YUBA CITY, Calif. — Name a facet of California agriculture, and chances are that Janine Hasey has some expertise in dealing with it.
The University of California Cooperative Extension farm advisor has worked with walnuts, almonds, kiwi, cling peaches, plant systems and soil and watershed management.
She’s dealt with insects, mites, pathogens and nematodes that affect plants, developed integrated pest management systems and helped growers practice conservation techniques and efficient uses of water.
But in her 30 years as a farm advisor here, one of her most significant contributions has been to help conduct a series of field trials on walnut pruning that is revolutionizing the way growers manage their orchards for higher yields.
“It’s a real paradigm shift,” said Hasey, 60, who works with farmers in Sutter, Yuba and Colusa counties.
Working with UC-Davis pomology specialist Bruce Lampinen and other researchers, Hasey has been conducting a multi-year test of pruning techniques on hedgerows of Chandlers and other walnut varieties commonly grown in the Sacramento Valley.
The researchers have consistently found that many trees that have been trimmed sparingly or not at all have produced a bigger yield of nuts than trees that were pruned more aggressively.
Hasey has said she was skeptical of minimal pruning when the project began five years ago, but the results have forced her and others to re-evaluate decades of practice. She’s shared the project’s results at numerous workshops with growers.
“We’ve had several growers adopt it,” Hasey said. “We always caution growers that whenever we have something new, to do it on smaller acreages first to see how it works. But there are several growers who are adopting it now because it’s working so well. We do have fairly long-term data.”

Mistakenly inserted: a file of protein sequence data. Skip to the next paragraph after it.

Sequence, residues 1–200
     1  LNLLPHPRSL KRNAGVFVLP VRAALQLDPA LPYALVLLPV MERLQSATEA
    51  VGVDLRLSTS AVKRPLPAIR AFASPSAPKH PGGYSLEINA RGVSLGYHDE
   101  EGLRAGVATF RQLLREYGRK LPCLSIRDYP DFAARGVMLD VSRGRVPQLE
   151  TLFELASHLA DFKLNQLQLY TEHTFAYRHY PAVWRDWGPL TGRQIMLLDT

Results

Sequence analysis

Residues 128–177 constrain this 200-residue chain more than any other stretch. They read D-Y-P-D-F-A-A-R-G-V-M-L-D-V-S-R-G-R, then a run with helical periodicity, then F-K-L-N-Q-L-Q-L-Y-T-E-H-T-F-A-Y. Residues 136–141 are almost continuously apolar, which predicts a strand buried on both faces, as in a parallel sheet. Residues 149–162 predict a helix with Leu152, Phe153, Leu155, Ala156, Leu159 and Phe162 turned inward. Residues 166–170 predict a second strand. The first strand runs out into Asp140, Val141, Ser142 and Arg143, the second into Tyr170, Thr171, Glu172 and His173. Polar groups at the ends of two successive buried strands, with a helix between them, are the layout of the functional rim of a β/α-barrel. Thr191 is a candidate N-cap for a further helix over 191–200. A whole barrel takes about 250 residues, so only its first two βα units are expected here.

The new pruning method is a big deal for California’s burgeoning walnut industry in that it could save growers time and effort as crops get bigger, and higher yields would help meet the booming global demand for walnuts. This season, shorter-than-expected crops in California and China have pushed prices to record levels.
The pruning trial is one of several significant research projects that Hasey has been involved in over the years. In the 1990s, she helped lead an international research team that discovered that organic kiwi fruit was higher in antioxidants than fruit grown conventionally, prompting many growers to switch to organic.
“Kiwi fruit is a crop that lends itself well” to organic methods, Hasey said. “There aren’t that many pests. It worked well.”
She’s done research with walnut rootstocks and tested pheromone mating disruption as a means of controlling pests, and she’s working now on how to combat newer diseases such as thousand cankers disease, which has killed numerous walnut trees in the past decade.
A native of Bakersfield, Hasey was exposed to agriculture throughout her childhood and became interested in plant sciences. She studied viticulture and environmental horticulture at UC-Davis and earned her master’s degree in plant pathology at Colorado State University.
Hasey said what she enjoys most about being a farm advisor is interacting with growers and being able to travel internationally to work with other researchers. She said growers have been generous in letting the university use their farms for tests.
“It’s extremely important to the individual farm advisors in the counties to have that cooperation so we can move forward in learning,” she said.
While many of her fellow long-time farm advisors have retired in recent years, Hasey said she has no plans to stop working just yet. She wants to mentor new advisors, just as she was mentored years ago by former Yuba-Sutter advisor David Chaney.
“It’s important to have experienced farm advisors,” Hasey said. “I could retire if I wanted to, but I’ve chosen not to at this point. I want to keep working. I enjoy my job.”
Janine K. Hasey
Occupation: Farm advisor
Residence: Yuba City, Calif.
Family: Husband Ray Hasey; daughters Lauren Hasey Maher and Briana Hasey